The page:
A solar powered aircraft is operated by converting solar energy into electrical energy. The wing of the solar powered aircraft requires a wide area to attach a number of solar cells in order to collect a large amount of solar energy. But the structural deformation and damage of the aircraft wing may occur because of bending and torsional loads induced by aerodynamic force during the operation. Therefore, the structural health monitoring of the wing is needed for increasing the operating time of the aircraft. In this study, the strain and damage of a composite wing of a solar powered aircraft were monitored by using fiber optic sensors until failure occurrence. In detail, a static loading experiment was performed on the composite wing with a length of 3.465m under a solar simulation environment, and the strain and acoustic emission (AE) of fracture signal were monitored by using fiber Bragg grating (FBG) sensors. In the results of the structural experiment, the damage occurred at a stringer when 4.5G load was applied to the composite wing, and the strain variations and AE signals were successfully measured by using FBG sensors. As a result, it is verified that the damage occurrence and location could be estimated by analyzing the strain variations and AE signals, and the fiber optic sensor would be a good transducer to monitor the structural status of a solar powered aircraft.
Optical fibers can be used as promising sensors in smart structures due to their novel characteristics. This paper presents
a wavelength division multiplexing (WDM) technique in order to improve the application capacity of single reflective
grating based fiber optic sensors to monitor large industrial structures at multiple points. The models are appropriate for
the general extrinsic fiber optic sensors such as the grating panel-based fiber optic sensor. The manufactured WDM fiber
optic sensor system was examined in order to demonstrate the feasibility for two parameter detections at two points using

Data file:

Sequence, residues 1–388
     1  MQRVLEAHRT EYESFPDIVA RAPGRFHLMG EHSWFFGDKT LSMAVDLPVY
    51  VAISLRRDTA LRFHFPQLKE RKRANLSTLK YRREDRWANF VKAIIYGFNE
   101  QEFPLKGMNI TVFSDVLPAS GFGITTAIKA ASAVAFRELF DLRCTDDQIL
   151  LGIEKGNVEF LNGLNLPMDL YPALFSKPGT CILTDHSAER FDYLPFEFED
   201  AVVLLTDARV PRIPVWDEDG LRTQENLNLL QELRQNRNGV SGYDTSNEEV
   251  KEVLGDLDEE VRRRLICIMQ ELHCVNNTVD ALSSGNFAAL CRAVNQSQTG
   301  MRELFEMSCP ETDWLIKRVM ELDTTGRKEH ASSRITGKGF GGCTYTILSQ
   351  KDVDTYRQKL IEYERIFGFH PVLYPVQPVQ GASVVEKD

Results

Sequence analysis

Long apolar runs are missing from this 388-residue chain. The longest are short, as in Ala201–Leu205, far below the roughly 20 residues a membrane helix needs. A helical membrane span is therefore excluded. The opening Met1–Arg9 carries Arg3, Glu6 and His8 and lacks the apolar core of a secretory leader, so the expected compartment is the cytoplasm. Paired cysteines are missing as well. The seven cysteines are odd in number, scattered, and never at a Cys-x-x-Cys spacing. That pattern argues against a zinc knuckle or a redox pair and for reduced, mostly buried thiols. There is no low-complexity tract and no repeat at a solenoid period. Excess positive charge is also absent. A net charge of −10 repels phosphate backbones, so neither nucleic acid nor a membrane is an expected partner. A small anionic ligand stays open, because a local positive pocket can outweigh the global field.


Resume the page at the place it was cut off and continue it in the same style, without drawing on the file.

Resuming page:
mirror mounted grating based fiber optic sensor.
Optical fibers can be used as a promising sensors in smart structures thanks to their novel characteristics. In particular,
its immunity to electromagnetic interference (EMI) makes the sensor suitable for use in electronic environments. In
order to inspect the reliability of a structure, it is essential to characterize the dynamic responses of the structure. An
accelerometer associated with optical fiber makes it possible to conduct real-time structural health monitoring under high
electromagnetic environments. This paper describes an optimal design of a novel fiber optic accelerometer using one
grating panel for the application to civil engineering structures. The fiber optic sensor design was optimized to have the
best sensitivity to the motion of the reflective grating using two optical fibers in the quadrature. The reflected optical
signal of the sensor is influenced by the reflective grating pattern and optical fiber-grating distance. In this paper, several
simulations and experiments were carried out to evaluate the characteristics of the output signals according to the grating
pattern and the distance between the optical fiber and the grating for a fixed fiber core diameter. Through comparison of
the results between the simulations and the experiments, the optimum design of the grating-pattern was determined to
obtain a stable and periodic sine wave as the output signal. Furthermore, it was demonstrated that the output signals
reflected by one grating panel could be used for the final parameter-measurement.
Optical techniques are finding more and more use in the domain of nanoelectromechanical systems (NEMS). In particular, Michelson interferometry and Fabry-Perot interferometry have been employed to transduce high frequency motion of NEMS resonators. Here, we review our recent accomplishments in optical probing of NEMS. We discuss
the effectiveness of the above-mentioned optical techniques as the relevant NEMS dimensions are reduced beyond the optical probing wavelength.